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MIAC Profiles of Excellence: Todd Mathison, St. Olaf College

floated rightby Rich Mies, CSN Mapping the MIAC Columnist

Confidence, both in oneself and in one’s teammates, is a key attribute of a successful athlete. This is particularly true for baseball pitchers, for whom every pitch is a battle with the batter that requires poise and the ability to throw strikes. That self-assurance has made Todd Mathison a key part of the success of the St. Olaf College team and is part of the reason he is one of the best all-around players in school history.

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floated left“Todd is a unique baseball player because he can impact the game in so many different areas,” stated Coach Matt McDonald. “He has been a dominant pitcher, hitter, base runner and defender in his time at St. Olaf. He is a quiet leader, and is confident on and off the baseball field. His confidence in himself and our team is contagious. Todd is blessed with the ability to compete. He wants the ball on the mound in pressure situations, or the big at bat. This is a vital quality to have in baseball and in life.”

He has been one of the winningest pitchers in St. Olaf history, despite an arm injury his sophomore year that kept him off the mound for the second half of the season. His 26 victories are believed to be the second-most in school history, one off the known school record. With the MIAC Playoffs and possibly the NCAA tourney ahead, Todd could move into the top spot by the time he graduates.

Todd also has become one of the most feared hitters in the MIAC. He was named the league’s co-Player of the Year last year, mainly on his performance at the plate, as he hit .471 in league play, with 19 RBIs and a slugging percentage of .618. He added a 3-1 pitching record, with an ERA of 2.90 and 25 strikeouts in 31 innings.

He has been named to the All-MIAC First Team each of his three seasons and he is expected to be named to the squad this year, as well. Todd was named to the All-Midwest Region First Team his freshman year and All-Region Second Team as a junior. His freshman season, Todd also was named Third Team All-American.

Todd grew up in Northfield, a city of just under 20,000, about 30 miles south of the Twin Cities. It is home to St. Olaf and Carleton College. He is the oldest of three. “My sister Megan is a sophomore at Winona State,” he said. “She played volleyball and soccer in high school. Jake is in eighth grade. He plays baseball, basketball and football.”

He attended Northfield High, where he played basketball, football and baseball. On the hard court, Todd played guard, both point and shooting. He played on the ninth-grade team and JV as a freshman, and he saw limited playing time on the varsity as well. The next year, Todd split time between the JV and varsity. His junior year, he was one of the Raiders’ top subs and took over as a starter his senior year. Northfield lost in the middle rounds of Section play in each of Todd’s seasons.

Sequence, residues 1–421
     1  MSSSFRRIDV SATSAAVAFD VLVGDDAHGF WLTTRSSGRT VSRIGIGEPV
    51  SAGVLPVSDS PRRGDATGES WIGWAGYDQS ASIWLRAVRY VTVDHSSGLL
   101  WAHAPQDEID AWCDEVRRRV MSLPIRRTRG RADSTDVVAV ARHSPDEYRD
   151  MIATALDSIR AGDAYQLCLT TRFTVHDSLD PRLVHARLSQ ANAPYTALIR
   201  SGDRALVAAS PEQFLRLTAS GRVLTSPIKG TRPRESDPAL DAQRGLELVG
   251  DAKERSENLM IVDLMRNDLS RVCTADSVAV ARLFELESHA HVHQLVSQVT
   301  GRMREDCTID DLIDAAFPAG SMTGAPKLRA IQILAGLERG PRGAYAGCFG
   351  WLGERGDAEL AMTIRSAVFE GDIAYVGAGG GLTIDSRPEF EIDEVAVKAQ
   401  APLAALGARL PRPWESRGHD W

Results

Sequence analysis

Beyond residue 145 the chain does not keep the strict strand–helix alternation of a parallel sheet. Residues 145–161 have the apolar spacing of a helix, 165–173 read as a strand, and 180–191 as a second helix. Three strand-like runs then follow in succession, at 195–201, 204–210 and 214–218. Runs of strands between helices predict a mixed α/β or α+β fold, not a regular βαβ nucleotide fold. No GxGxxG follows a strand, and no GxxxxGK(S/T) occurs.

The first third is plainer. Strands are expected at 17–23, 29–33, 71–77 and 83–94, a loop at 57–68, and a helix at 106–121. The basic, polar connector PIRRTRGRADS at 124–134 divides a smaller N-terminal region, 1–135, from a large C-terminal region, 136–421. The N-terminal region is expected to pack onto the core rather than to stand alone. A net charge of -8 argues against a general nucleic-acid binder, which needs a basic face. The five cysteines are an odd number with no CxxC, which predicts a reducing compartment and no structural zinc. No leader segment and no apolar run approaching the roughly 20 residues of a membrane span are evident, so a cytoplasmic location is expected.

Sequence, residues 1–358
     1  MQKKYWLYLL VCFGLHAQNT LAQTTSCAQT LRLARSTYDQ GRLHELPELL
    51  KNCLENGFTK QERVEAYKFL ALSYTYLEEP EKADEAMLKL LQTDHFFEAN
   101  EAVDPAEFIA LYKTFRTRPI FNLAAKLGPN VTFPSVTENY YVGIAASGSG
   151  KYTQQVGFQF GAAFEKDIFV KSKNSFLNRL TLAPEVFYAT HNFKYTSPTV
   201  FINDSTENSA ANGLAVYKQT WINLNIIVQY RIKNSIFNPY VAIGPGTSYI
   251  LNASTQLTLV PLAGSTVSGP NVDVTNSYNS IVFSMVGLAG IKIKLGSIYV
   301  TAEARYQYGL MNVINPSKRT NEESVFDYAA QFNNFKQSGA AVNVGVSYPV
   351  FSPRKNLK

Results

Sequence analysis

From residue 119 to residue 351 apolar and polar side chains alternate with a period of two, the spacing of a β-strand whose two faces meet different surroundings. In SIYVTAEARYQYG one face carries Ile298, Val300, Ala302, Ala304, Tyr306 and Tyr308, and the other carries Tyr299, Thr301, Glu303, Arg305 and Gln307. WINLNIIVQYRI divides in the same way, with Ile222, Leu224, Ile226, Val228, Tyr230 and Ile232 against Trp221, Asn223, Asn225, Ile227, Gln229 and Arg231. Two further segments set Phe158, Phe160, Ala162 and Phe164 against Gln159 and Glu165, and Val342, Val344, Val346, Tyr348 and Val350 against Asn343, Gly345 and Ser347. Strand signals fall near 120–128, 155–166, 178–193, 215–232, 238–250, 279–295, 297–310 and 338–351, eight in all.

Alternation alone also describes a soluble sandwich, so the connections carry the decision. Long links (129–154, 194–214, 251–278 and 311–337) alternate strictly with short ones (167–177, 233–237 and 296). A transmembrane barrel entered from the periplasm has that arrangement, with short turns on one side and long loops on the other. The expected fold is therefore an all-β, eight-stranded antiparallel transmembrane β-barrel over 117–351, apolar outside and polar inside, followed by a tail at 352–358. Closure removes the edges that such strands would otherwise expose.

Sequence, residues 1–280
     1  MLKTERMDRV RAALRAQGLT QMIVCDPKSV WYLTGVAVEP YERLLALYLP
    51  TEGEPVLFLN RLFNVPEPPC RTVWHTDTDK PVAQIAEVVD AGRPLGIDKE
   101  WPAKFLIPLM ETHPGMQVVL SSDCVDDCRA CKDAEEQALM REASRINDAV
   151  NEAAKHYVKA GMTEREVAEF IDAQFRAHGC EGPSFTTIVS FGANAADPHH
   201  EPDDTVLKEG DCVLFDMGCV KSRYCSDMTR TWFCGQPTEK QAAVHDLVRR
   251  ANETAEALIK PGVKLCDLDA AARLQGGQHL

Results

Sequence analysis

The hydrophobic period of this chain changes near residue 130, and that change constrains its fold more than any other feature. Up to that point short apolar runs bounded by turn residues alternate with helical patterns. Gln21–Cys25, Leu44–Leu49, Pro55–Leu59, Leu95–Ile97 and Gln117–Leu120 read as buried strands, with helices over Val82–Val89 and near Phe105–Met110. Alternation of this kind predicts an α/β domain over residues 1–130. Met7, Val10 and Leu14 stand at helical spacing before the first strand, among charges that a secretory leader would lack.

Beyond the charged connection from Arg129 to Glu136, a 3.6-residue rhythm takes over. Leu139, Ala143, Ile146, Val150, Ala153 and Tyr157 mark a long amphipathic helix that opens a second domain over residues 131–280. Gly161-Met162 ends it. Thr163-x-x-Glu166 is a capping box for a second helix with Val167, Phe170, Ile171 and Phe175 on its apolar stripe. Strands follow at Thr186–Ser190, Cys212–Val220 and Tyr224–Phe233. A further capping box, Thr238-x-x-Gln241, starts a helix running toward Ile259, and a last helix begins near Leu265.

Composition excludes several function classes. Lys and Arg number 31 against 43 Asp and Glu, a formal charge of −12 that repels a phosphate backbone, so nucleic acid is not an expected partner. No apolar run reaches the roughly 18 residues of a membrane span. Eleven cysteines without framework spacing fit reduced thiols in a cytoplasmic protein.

On the gridiron, Todd missed his sophomore season to injuries, suffering a broken wrist as the season started and then a broken ankle as he came back. He started at cornerback as a junior and took over at quarterback his senior year, as well as playing cornerback. “We were ranked No. 1 in the state, but lost to Sartell in the State semifinals, 14-9, and finished 12-1,” Todd recalled. He was named All-Conference and All-State. “That was my all-time favorite team in any sport to play on.” Todd added. “We started a lot of seniors, and had a phenomenal year.”

Todd played infield and pitched in baseball. He was on the JV as a ninth-grader and split time between the JV and varsity his sophomore year. He started at second base on the varsity as a junior, and led the team in batting. “We had three senior stud pitchers that year, so I didn’t pitch much,” he said.

floated rightHis senior year, Todd was the team’s ace, and played shortstop when not pitching. He was voted team Most Valuable Player, and was named All-Conference, as he led the league in strikeouts and ERA. Todd was named to the All-State team as well. He also played in the Lions’ All-Star series and the East-West Metro All-Star game.

He was named Northfield High’s Male Athlete of the Year for team sports as a senior.

Away from the playing fields, Todd was a member of the National Honor Society. He also was involved in RALIE. “That stands for Raider Activity Leaders Improving Enthusiasm,” he said. “It was made up of athletes and leaders of various activities. One of the things we did was hold a welcome for freshmen on their first day of high school, to help them adjust to things.”

He was selected to represent Northfield at Target 1AA, a leadership convention of student-athletes from around the region in which NHS competed. “They worked with us there, helping us develop leadership skills,” he said.

Todd also was active in the youth group at his church, and served on the church’s youth board.

In the summers, Todd played baseball in the American Legion and VFW organized leagues. He also played amateur ball for the Dundas Dukes in Minnesota’s “town team” baseball organization. He continued to play for the Dukes throughout his college summers. “We made it to the State Class B tourney in 2003 and 2008,” he said. “We were the runners-up in 2008.”

He was recruited by the University of Minnesota to play baseball, along with some smaller Division I schools. He also was recruited by many Division II and III schools for baseball and for football. “Most of the schools in the area talked to me about playing one sport or the other for them,” he said. “Most of the schools in the MIAC recruited me for both sports. My plan was to play both. I was very familiar with St. Olaf and I knew a lot of people there. Coach McDonald and Chris Meidt, who was the football coach then, were fine with me playing both sports, which was a big factor. I also liked the school’s academics, particularly the Math department. I pretty much made up my mind early in my senior year that I’d enroll at St. Olaf.”